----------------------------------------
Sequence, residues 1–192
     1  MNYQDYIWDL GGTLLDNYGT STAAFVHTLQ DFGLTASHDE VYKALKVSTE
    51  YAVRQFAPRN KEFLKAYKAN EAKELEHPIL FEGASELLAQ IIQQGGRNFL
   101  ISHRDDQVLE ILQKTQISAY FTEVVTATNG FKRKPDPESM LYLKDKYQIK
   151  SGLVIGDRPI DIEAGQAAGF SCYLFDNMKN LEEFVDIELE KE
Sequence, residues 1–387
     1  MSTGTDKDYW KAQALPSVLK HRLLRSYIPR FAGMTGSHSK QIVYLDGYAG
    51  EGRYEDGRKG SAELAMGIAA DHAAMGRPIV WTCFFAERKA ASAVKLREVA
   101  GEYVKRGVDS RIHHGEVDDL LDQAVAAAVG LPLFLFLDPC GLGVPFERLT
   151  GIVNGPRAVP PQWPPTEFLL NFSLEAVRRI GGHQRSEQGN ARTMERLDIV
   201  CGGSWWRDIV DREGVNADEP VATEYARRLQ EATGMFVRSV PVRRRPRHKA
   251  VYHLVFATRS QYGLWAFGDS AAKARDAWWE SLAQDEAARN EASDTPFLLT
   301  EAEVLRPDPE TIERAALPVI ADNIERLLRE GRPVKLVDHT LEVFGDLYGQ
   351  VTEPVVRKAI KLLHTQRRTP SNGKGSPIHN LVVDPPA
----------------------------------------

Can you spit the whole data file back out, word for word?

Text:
Sequence, residues 1–192
     1  MNYQDYIWDL GGTLLDNYGT STAAFVHTLQ DFGLTASHDE VYKALKVSTE
    51  YAVRQFAPRN KEFLKAYKAN EAKELEHPIL FEGASELLAQ IIQQGGRNFL
   101  ISHRDDQVLE ILQKTQISAY FTEVVTATNG FKRKPDPESM LYLKDKYQIK
   151  SGLVIGDRPI DIEAGQAAGF SCYLFDNMKN LEEFVDIELE KE
Sequence, residues 1–387
     1  MSTGTDKDYW KAQALPSVLK HRLLRSYIPR FAGMTGSHSK QIVYLDGYAG
    51  EGRYEDGRKG SAELAMGIAA DHAAMGRPIV WTCFFAERKA ASAVKLREVA
   101  GEYVKRGVDS RIHHGEVDDL LDQAVAAAVG LPLFLFLDPC GLGVPFERLT
   151  GIVNGPRAVP PQWPPTEFLL NFSLEAVRRI GGHQRSEQGN ARTMERLDIV
   201  CGGSWWRDIV DREGVNADEP VATEYARRLQ EATGMFVRSV PVRRRPRHKA
   251  VYHLVFATRS QYGLWAFGDS AAKARDAWWE SLAQDEAARN EASDTPFLLT
   301  EAEVLRPDPE TIERAALPVI ADNIERLLRE GRPVKLVDHT LEVFGDLYGQ
   351  VTEPVVRKAI KLLHTQRRTP SNGKGSPIHN LVVDPPA